How To Improve Conversion Rates For Contact Forms & Opt-in Forms

by on January 16, 2014 · 2 comments

Analyze Your Contact Form Conversion Rates

Contact forms and opt-in forms are important tools for any business with an online presence. Basically you want to make it as easy as possible for potential customers to reach you, ask a question, or sign up for your newsletter.

But when was the last time you analyzed your contact form or opt-in form conversion rates?

Have you ever made changes to your forms and tracked the results? Or have your forms remained the same for the last 5 years?

How Many Fields Do You Need?

Very often the number of fields you need on any form will vary depending on your type of business or industry standards. For example, most online businesses only need 1 or 2 fields for their newsletter opt-in form (usually just name and email) whereas someone in a financial industry may need to include more fields to get more detailed information.

The number of fields and the amount of information you want to gather from your prospects depends on your goals. If you want super qualified leads, then add more fields; if you’re satisfied with less qualified leads reading your newsletter, then use fewer fields.

I have seen some contact forms from real estate professionals that have many, MANY fields because the realtor was trying to get the most qualified leads possible. If that realtor only sells single-family homes in the $400K range, then someone looking to rent an apartment isn’t a qualified lead for them and therefore could be a waste of time.

If you’re unclear, do a simple 30-day test with a shorter contact form and then switch it for a longer contact form for another 30-days. Was there one form that outperformed the other in terms of usage or conversions?

Generally, the more fields you have on a form, the more qualified the lead will be, simply because only those people who are truly interested in your services or products will take the time to fill them all out.

Calls To Action

Make your website as foolproof as possible by using calls to action. This isn’t being bossy; it’s simply guiding your visitor to perform the action that you desire (and sometimes people just need that gentle nudge to make a purchase or buy your service).

If you’re using action buttons on your website, simply changing the phrase from “start your free trial” to “start my free trial” can improve your conversion rates. Of course, you still need an incredible offer and have semi-qualified visitors to your website who want your offer but it’s amazing the difference just one word can make.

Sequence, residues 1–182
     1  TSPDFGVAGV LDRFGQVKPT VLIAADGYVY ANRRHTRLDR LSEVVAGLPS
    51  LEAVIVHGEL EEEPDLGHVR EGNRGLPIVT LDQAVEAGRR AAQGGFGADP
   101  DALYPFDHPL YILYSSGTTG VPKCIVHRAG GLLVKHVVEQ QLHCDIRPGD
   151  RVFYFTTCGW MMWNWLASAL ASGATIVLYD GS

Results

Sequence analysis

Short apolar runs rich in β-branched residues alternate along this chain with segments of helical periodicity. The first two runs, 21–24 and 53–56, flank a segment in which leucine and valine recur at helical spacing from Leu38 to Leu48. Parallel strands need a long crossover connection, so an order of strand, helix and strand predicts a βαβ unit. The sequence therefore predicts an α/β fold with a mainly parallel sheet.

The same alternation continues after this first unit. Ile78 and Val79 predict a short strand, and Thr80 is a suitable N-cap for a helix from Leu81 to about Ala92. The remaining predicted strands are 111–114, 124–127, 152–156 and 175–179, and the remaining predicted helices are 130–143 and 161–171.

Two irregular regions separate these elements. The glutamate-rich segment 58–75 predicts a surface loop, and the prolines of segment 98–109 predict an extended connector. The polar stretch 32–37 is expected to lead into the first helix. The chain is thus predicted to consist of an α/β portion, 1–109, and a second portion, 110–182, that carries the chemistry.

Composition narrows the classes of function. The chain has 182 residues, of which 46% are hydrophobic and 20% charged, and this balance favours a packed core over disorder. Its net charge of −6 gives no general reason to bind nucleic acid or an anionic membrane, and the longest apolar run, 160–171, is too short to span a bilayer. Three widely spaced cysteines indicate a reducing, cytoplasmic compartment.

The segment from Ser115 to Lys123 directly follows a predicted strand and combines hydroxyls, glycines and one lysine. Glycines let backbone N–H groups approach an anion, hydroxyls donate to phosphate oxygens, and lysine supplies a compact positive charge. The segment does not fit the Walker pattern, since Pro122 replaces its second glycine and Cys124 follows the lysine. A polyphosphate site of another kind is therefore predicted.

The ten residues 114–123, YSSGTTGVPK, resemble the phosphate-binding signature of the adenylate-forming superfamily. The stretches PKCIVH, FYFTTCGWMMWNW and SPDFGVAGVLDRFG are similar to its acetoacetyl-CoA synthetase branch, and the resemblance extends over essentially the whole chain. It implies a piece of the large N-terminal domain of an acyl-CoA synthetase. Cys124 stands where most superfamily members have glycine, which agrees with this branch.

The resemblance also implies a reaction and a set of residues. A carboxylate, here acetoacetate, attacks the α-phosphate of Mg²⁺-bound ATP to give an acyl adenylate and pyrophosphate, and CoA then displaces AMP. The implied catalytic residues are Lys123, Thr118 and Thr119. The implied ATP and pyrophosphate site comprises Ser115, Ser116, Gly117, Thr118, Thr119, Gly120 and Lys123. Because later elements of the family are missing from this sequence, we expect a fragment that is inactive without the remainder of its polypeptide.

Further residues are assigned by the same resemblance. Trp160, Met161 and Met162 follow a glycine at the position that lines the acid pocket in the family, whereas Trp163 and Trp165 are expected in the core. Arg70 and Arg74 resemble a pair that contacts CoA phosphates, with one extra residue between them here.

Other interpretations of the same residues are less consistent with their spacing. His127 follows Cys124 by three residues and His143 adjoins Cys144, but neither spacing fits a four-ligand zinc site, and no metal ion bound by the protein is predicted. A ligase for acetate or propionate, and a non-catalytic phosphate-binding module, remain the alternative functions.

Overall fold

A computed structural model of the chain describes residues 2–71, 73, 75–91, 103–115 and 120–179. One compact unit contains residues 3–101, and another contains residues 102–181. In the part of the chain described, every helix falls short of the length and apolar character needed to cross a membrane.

Upsells and Thank You Pages

Do you offer upsells on your thank you pages? These are the offers that someone sees after they press the button to purchase or sign up for your newsletter. You’re wasting precious space and time if you don’t have another offer there!

Yes, thank them for the purchase or subscription but then offer something else that they just can’t refuse, at an incredible price. At least 39% of visitors buy from upsells so it’s worth giving it a try!

Opt-in forms and contact forms are very simple to add to a website but they shouldn’t sit neglected. Take some time this month to revisit your conversions and see if a few copy changes improve your conversion rates. And take a look at this infographic below for even more tips.

Infographic courtesy of

contact forms for the marketing ninja, increasing contact form conversions

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Christina is the Content Manager at Expand2Web.

Christina has written 36 articles on Expand2Web

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{ 2 comments… read them below or add one }

John Grant January 21, 2014 at 11:58 am

Thanks for the great article. It was clear enough for the newbie, detailed enough, but not overly so. Very worthwhile information.


VladC May 5, 2014 at 4:47 am

Very useful article. I am just looking for some tactics to increase conversion on a request offer page. Do you have any data regarding using less fields and including a general response “Your message” field versus more fields but more specific (e.g. kind of travel, destination, number of persons)? I wonder if using just “Your message” filed I make their work harder by asking them to formulate their needs in a open-ended manner.


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